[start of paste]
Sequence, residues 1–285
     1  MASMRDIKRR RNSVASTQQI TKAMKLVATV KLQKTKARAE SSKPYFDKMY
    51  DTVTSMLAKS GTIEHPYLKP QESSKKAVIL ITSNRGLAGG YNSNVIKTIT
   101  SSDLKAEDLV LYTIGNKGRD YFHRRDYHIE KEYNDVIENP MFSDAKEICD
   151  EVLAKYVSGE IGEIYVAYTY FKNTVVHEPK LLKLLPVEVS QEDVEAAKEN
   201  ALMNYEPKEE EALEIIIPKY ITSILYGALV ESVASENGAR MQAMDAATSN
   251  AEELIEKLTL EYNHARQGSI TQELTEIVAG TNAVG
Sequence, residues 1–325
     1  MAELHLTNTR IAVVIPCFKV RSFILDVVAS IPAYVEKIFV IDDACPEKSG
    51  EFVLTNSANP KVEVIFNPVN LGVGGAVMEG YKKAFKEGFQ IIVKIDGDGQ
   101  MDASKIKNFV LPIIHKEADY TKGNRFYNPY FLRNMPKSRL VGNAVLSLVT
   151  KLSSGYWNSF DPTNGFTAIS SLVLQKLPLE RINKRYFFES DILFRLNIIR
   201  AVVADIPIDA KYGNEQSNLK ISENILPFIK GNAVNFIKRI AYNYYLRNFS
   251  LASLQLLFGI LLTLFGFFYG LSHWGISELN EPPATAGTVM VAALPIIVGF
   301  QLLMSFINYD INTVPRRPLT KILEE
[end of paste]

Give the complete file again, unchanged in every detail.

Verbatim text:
Sequence, residues 1–285
     1  MASMRDIKRR RNSVASTQQI TKAMKLVATV KLQKTKARAE SSKPYFDKMY
    51  DTVTSMLAKS GTIEHPYLKP QESSKKAVIL ITSNRGLAGG YNSNVIKTIT
   101  SSDLKAEDLV LYTIGNKGRD YFHRRDYHIE KEYNDVIENP MFSDAKEICD
   151  EVLAKYVSGE IGEIYVAYTY FKNTVVHEPK LLKLLPVEVS QEDVEAAKEN
   201  ALMNYEPKEE EALEIIIPKY ITSILYGALV ESVASENGAR MQAMDAATSN
   251  AEELIEKLTL EYNHARQGSI TQELTEIVAG TNAVG
Sequence, residues 1–325
     1  MAELHLTNTR IAVVIPCFKV RSFILDVVAS IPAYVEKIFV IDDACPEKSG
    51  EFVLTNSANP KVEVIFNPVN LGVGGAVMEG YKKAFKEGFQ IIVKIDGDGQ
   101  MDASKIKNFV LPIIHKEADY TKGNRFYNPY FLRNMPKSRL VGNAVLSLVT
   151  KLSSGYWNSF DPTNGFTAIS SLVLQKLPLE RINKRYFFES DILFRLNIIR
   201  AVVADIPIDA KYGNEQSNLK ISENILPFIK GNAVNFIKRI AYNYYLRNFS
   251  LASLQLLFGI LLTLFGFFYG LSHWGISELN EPPATAGTVM VAALPIIVGF
   301  QLLMSFINYD INTVPRRPLT KILEE